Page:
The news last week that the Navy was being forced to stop production of two key missiles in its arsenal - the Tomahawk cruise missile and the Hellfire air-to-ground weapon - was a shock. It seemed as if President Obama was about to defang both the Navy and the armed drone program, for which the Hellfire serves as a primary weapon.

The news is somewhat better and somewhat worse than it first appeared.

The Tomahawk has been a mainstay for decades in both the ship-launched role and the Air Force's air-launched configuration. The program will be greatly reduced this year and eliminated next year. Sources say that the Navy now has about 4,000 Tomahawks in hand and that it plans to maintain its current stock ready for use until they're expended or replaced.

Fortunately, we're not in a shooting war because when the Tomahawks go, they go quickly. American and British ships fired about 110 Tomahawks in the first stage of Obama's Libyan adventure. More than 200 were fired in that operation alone. In Operation Desert Storm in 1991, 288 were fired.

The problem is in replacing the Tomahawk before the current stock is used up. The Navy plans to replace part of its mission function with the long-range anti-ship missile. But that program has been delayed, so far more than 10 years. And that’s only part of the Tomahawk mission profile. How will they replace the rest? It is probably sensible to cut production of the Tomahawk missile while one or more replacements are being developed. But when you cancel a program like Tomahawk, the contractor has to lay people off – losing the skill level of production workers – and may shut down the program, disposing of the tooling and testing equipment. That’s hugely expensive and time-consuming to replace if you decide to restart the program.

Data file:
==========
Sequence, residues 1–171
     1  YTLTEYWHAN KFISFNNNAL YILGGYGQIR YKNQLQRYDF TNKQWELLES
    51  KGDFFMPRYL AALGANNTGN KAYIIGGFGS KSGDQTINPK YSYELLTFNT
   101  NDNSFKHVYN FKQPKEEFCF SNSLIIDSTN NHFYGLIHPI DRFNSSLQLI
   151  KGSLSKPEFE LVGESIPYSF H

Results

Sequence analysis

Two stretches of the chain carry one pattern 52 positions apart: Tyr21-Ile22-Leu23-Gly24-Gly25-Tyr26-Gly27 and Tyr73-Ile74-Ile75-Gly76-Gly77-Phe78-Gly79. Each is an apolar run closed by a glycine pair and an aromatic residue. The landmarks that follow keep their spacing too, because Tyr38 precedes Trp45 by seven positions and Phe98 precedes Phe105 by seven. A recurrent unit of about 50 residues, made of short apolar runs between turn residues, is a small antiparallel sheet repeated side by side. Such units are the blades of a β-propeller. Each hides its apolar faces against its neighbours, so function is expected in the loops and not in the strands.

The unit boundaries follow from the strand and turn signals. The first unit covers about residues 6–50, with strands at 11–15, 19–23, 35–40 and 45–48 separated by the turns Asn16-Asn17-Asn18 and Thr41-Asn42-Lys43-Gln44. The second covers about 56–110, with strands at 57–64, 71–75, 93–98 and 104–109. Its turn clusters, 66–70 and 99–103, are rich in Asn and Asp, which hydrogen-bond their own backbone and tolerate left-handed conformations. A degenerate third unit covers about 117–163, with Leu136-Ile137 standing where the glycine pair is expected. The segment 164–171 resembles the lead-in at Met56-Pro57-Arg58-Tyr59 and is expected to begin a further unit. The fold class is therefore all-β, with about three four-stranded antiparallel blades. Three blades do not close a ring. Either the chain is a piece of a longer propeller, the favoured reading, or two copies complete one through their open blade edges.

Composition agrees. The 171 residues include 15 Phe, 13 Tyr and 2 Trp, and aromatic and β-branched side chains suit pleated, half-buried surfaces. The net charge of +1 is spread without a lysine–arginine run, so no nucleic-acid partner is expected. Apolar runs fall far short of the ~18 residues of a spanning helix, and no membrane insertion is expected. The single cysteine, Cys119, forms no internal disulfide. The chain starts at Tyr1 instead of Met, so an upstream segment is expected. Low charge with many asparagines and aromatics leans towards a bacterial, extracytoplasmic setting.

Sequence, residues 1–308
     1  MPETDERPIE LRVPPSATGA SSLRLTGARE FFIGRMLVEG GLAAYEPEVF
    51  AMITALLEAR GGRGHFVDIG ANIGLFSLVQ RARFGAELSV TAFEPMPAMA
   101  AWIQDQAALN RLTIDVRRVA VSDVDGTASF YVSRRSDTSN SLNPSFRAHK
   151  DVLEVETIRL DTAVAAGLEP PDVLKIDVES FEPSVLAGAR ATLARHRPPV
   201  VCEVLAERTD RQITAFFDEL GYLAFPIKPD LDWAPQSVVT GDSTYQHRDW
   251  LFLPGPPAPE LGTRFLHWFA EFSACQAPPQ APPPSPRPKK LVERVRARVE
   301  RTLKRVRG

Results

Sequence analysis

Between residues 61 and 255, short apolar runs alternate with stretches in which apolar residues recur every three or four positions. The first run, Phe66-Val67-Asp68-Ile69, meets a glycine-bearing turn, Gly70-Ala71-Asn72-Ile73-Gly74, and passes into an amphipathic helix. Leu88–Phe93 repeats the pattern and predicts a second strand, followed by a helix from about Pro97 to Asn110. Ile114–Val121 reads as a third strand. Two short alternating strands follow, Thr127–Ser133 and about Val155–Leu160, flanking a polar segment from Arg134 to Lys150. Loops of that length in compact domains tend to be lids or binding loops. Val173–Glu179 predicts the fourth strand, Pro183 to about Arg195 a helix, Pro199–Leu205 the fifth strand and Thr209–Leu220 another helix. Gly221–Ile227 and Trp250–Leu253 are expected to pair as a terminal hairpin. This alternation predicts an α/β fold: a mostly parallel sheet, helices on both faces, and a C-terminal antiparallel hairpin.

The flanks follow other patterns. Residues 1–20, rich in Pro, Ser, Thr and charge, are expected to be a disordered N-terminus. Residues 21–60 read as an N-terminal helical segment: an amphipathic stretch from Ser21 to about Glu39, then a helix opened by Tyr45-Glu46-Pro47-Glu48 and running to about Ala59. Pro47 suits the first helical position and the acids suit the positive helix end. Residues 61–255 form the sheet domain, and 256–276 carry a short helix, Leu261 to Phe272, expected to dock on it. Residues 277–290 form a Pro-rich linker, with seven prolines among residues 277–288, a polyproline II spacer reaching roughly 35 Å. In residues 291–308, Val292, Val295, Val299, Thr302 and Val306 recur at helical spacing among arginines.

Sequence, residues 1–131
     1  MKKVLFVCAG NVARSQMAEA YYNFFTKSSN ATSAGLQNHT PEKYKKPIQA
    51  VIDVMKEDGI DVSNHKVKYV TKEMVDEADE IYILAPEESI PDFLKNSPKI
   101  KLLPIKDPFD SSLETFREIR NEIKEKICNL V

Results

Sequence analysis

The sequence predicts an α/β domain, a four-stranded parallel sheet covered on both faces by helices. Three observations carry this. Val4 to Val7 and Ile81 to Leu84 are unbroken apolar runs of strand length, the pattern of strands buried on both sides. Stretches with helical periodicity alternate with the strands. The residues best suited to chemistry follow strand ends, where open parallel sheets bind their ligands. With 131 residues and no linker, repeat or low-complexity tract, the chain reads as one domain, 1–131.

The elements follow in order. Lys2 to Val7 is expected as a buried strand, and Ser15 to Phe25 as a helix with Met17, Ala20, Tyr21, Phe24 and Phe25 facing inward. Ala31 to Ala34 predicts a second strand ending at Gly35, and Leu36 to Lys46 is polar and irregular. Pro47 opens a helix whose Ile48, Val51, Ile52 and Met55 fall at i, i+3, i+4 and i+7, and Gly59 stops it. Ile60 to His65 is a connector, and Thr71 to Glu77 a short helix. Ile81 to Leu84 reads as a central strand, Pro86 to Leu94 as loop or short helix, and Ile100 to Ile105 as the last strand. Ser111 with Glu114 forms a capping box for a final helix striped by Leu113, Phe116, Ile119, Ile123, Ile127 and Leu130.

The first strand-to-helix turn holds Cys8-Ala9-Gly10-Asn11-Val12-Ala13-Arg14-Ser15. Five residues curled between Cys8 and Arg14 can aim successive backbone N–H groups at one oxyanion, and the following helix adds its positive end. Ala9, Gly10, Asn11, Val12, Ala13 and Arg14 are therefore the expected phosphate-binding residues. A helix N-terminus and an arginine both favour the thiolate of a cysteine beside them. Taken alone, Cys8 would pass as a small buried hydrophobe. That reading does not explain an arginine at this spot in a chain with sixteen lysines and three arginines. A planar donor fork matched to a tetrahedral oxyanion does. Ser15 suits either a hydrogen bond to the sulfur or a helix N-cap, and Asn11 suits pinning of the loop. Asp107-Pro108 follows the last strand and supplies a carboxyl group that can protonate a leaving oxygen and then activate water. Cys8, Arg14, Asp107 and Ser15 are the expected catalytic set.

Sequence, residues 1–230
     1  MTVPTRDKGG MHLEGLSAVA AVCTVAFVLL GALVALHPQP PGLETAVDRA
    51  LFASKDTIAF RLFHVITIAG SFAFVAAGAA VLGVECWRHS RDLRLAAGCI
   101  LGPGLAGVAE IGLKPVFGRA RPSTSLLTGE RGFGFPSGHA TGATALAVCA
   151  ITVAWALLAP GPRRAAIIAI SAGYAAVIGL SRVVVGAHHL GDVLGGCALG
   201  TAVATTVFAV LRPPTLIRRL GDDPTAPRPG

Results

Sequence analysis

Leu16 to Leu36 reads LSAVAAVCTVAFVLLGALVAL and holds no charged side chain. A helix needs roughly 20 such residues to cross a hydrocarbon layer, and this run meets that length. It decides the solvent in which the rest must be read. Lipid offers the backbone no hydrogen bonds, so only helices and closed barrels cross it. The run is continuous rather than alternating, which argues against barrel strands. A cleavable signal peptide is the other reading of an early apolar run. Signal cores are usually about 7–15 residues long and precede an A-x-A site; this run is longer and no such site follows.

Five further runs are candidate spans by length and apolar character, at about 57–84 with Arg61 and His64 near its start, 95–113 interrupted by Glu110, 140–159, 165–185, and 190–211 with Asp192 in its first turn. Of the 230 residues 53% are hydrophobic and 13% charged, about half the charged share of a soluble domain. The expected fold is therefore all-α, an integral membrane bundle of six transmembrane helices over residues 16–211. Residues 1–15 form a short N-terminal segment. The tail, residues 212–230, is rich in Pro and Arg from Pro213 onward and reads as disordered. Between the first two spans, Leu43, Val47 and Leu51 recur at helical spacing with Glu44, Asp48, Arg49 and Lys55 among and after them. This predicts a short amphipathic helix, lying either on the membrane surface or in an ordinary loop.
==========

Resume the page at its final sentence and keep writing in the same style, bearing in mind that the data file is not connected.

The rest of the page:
That’s about the same problem as the Navy faces with the Hellfire missile. Like the Tomahawk, it’s old but reliable and thoroughly combat-proven. The Navy wants to replace it but, like so many other programs, the “Joint Air-to-Ground Missile” is very late. Not because it’s technology or production is delayed by defects in the design: JAGM is delayed because its funding is being taken to pay for other – supposedly more urgent – programs.

This is the result of the Pentagon's thoroughly skewed priorities. Right now, according to the Government Accountability Office, the F-35 fighter jet is going to absorb 25 percent of the entire major weapon system acquisition budget for the Army, the Navy and the Air Force over the program's lifetime -- about the next 50 years.

Neither Obama nor Defense Secretary Chuck Hagel knows whether in cutting Tomahawk or Hellfire (or anything else for that matter) we're cutting fat or muscle.

In more than a decade no one has done the deep dive into intelligence materials necessary to determine the real threats we face. And no one has accomplished the intense analysis needed to compare those real threats with the assets we have or need to deter or defeat them. Every four years, the Defense Department does a “Quadrennial Defense Review” which is supposed to do that. But the QDR has become a political hairball that does nothing more than paper over the budget cuts that have already been decided.

When the latest QDR came out, House Armed Services Committee Chairman Buck McKeon tossed it back at the Pentagon for just that reason. He needs to press Hagel for a real study or get one done himself. That's the only way to tell how to cut fat instead of muscle and to reset the Pentagon's priorities to reality.

Jed Babbin served as a deputy undersecretary of defense in the George H.W. Bush administration and is a senior fellow of the London Center for Policy Research.